Lead me from the unreal to the real, from darkness to light, from death to immortality. A Shabda Yoga, Vedic mantra from the Brihadaranyaka Upanishads.
வணக்கம் – vanakkam | नमस्ते – namaste | Welcome
This is a 1 credit unit course, which means approx. 45 hours over 15 weeks. I have designed it to be largely self-guided online learning with embodied practice. The course provides a space to critically reflect on what the pandemic of COVID-19 has revealed about being a global citizen, located in a specific place and time, and dealing with 24/7 information and communications technologies in our personal lives and ministries. Students will read an autobiography that integrates Christianity and Yogic Spirituality, learn of technological and theological movements, and practice attention, connection, and meditation activities using music and other media. The goal is to increase our understanding of the Ultimate Reality, what it means to be human, and discover ethical guidance for future adoption and use of technology that reflects the Divine.
Download the course syllabus available here.
Interspirituality is the thread that runs through this course, bringing and holding together the disparate elements of COVID-19, information technology, human life, and mysticism. The global pandemic of COVID-19, in March 2020 forced our entire humanity to significantly alter our ways of living. Coupled with the revolution of the information and communications technologies (IT) that has been growing exponentially since the 1950s these two disruptions are sources of great anxiety, loss, and stress but are also opportunities to re-imagine and re-build a better world in ways that reflect God for all humanity. Using interspirituality we begin to heal ourselves, our communities, and restore balance to 24/7 network-connected digital lives and ministries.
Introduction to the Course
Interspirituality is growing, enabled by the forces of globalization and multi-culturalism. According to Brother Wayne Teasdale, “Interspirituality, the sharing of ultimate experiences across traditions is the religion of the third millennium.” Father Bede Griffiths, an English Benedictine monk, is considered one of its foremost practitioners. In developing his theology of a Christian Vedanta–a collaboration of science, mysticism, and faith—Fr. Griffiths created an interspiritual model for how all religious traditions can benefit from each other’s beauty, depth, and richness. Our course textbook Jesus in the Lotus is a spiritual autobiography of Russill Paul, an American of south Indian origin who had a Hindu mother and a Christian father. At the age of nineteen Paul felt called to leave his engineering studies to become a monk in Bede Griffith’s ashram Shantivanam on the shores of the River Cauvery (state of TamilNadu). There as he learned to deepen his Christian faith using Yoga, he made some powerful discoveries. When he allowed himself to be influenced by two different traditions – Judeo-Christianity and the rich complex of Hinduism and Yoga of which Buddhism, Jainism and Sikhism are a part – a mystical doorway opened, his spiritual journey enriched, and his life transformed.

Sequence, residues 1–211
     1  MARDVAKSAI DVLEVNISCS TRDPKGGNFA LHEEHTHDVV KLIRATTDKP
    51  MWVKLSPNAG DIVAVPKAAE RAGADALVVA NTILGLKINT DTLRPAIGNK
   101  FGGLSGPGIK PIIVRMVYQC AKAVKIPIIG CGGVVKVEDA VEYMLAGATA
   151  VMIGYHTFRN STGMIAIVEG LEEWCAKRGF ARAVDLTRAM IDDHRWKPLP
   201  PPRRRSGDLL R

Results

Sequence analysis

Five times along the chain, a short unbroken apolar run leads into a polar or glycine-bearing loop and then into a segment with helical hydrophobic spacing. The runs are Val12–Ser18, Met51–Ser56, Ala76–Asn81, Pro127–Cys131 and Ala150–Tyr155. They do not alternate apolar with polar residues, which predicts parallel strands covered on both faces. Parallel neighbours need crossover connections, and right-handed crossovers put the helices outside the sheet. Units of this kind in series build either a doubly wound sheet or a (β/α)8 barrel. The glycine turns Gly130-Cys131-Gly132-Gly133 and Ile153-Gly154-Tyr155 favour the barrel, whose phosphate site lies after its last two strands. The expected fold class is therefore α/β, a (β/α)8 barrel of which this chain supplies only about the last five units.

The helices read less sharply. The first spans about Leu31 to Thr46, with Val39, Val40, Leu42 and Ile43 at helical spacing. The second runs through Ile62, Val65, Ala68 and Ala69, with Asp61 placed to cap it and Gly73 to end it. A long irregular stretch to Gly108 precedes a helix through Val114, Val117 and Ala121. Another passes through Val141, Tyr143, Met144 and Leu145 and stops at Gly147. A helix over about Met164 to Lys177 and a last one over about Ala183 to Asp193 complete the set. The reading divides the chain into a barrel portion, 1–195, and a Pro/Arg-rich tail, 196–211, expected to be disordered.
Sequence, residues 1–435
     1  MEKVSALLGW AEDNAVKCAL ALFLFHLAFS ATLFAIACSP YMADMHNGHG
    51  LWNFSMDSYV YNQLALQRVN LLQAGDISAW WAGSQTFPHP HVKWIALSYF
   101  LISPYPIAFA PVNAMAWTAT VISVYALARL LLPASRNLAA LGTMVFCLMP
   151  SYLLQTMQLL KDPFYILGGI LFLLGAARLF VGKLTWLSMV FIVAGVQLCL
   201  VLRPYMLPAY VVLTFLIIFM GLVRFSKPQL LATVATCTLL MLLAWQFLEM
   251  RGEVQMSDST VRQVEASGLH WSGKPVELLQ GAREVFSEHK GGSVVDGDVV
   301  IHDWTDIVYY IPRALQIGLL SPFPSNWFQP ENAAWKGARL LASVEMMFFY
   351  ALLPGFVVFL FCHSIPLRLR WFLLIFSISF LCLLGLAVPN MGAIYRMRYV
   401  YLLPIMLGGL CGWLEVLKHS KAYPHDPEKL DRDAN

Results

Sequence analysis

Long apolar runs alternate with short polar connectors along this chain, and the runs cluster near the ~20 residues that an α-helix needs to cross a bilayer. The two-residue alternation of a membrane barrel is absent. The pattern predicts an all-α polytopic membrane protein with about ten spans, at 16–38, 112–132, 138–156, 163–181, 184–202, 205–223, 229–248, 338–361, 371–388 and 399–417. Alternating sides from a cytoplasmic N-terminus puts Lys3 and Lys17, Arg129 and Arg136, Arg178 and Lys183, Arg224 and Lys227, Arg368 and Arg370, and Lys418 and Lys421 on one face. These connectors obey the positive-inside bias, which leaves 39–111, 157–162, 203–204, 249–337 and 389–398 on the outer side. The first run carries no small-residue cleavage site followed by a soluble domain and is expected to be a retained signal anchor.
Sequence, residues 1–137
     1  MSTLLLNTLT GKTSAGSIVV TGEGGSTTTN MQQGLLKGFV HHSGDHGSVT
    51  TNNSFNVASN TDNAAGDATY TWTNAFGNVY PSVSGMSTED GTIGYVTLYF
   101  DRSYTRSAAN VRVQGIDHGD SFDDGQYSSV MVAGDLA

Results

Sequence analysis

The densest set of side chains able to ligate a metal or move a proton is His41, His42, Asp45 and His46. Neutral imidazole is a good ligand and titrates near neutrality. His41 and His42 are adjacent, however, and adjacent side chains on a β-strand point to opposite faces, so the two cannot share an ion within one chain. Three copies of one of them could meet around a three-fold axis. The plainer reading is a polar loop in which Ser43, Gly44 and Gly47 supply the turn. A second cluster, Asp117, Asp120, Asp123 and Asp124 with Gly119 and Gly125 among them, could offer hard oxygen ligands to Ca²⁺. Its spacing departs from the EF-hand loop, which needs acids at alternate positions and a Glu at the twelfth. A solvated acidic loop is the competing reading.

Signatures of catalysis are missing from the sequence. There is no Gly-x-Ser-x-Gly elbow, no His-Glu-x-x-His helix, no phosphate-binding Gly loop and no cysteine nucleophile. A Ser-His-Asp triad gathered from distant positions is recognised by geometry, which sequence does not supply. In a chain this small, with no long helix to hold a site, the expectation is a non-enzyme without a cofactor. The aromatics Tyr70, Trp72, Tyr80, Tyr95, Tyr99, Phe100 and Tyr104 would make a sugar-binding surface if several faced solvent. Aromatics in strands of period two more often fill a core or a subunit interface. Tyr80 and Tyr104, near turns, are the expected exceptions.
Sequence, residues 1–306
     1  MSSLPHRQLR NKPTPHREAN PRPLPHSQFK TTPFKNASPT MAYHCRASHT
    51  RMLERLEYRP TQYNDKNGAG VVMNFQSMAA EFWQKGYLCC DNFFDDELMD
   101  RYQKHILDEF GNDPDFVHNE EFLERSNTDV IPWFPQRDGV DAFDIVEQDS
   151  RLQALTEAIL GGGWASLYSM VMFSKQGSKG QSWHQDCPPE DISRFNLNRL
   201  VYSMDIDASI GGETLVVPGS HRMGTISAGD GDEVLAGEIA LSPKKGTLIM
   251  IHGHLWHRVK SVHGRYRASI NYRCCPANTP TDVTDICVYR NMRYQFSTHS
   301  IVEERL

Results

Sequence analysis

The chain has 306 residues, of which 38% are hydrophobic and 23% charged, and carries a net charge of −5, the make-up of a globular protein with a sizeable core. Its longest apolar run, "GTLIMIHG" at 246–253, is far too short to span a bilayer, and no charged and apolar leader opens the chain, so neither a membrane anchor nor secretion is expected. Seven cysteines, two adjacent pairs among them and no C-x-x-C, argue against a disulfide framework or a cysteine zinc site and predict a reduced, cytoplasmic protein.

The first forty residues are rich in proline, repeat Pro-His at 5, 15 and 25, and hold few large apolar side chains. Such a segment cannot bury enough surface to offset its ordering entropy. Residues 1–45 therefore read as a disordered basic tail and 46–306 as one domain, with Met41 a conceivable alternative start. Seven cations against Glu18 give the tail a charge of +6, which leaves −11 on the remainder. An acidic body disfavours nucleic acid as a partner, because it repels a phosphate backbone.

Paul turned his Western music-oriented talents and trained in classical Indian music. He learned the yoga of sacred mantras, chants, and naads (sacred sound current) that has the ability to connect people to the cosmic consciousness. Today, he is a world-renowned musician and an expert in the four major streams of sacred sound in Hinduism, Shabda Yoga, Shakti Yoga, Bhava Yoga and Nada Yoga. He is considered to be instrumental in introducing the Yoga of Sound to the western world; incidentally, Paul is also the author of a book by that title: Yoga of Sound.
Paul’s music CD, Bhava, Ecstatic Heart will guide a daily 10-minute practice of the stream or strand of Bhava Yoga; bhava is “sheer ecstasy, a condition caused when the heart is seized by the Divine embrace.” In Bhava Yoga, the cosmic power of Brahman (God) in the Vedas (Hindu Scriptures) becomes approachable through bhakti which means devotion. In India, there is a very strong current of the Bhakti tradition even today. Officially, bhakti goes back to the first or second century BCE, but it is traditionally considered to have been around for at last a thousand years earlier. Bhava Yoga uses sacred sound, bhakti mantras in the form of simple melodies, enabling an ordinary person to practice mantras without too many rules and technicalities, and making God more accessible. Paul’s musical sound has been likened to the collaborative productions of George Harrison with Ravi Shankar.
Interspirituality happens primarily within the arena of practice and experience. Therefore, we will engage by using our heart, body, mind, and soul. “Interspirituality is not a new form of spirituality, or an overarching synthesis of what exists, but a willingness and determination to taste the depth of mystical life in other traditions… [as such] it represents an especially vulnerable form of dialogue in which one actually opens herself, not only to the ideas held by another tradition, but to the actual experience of its lived spiritual reality… just as we may come to know and love many cuisines or languages, so too for religions.”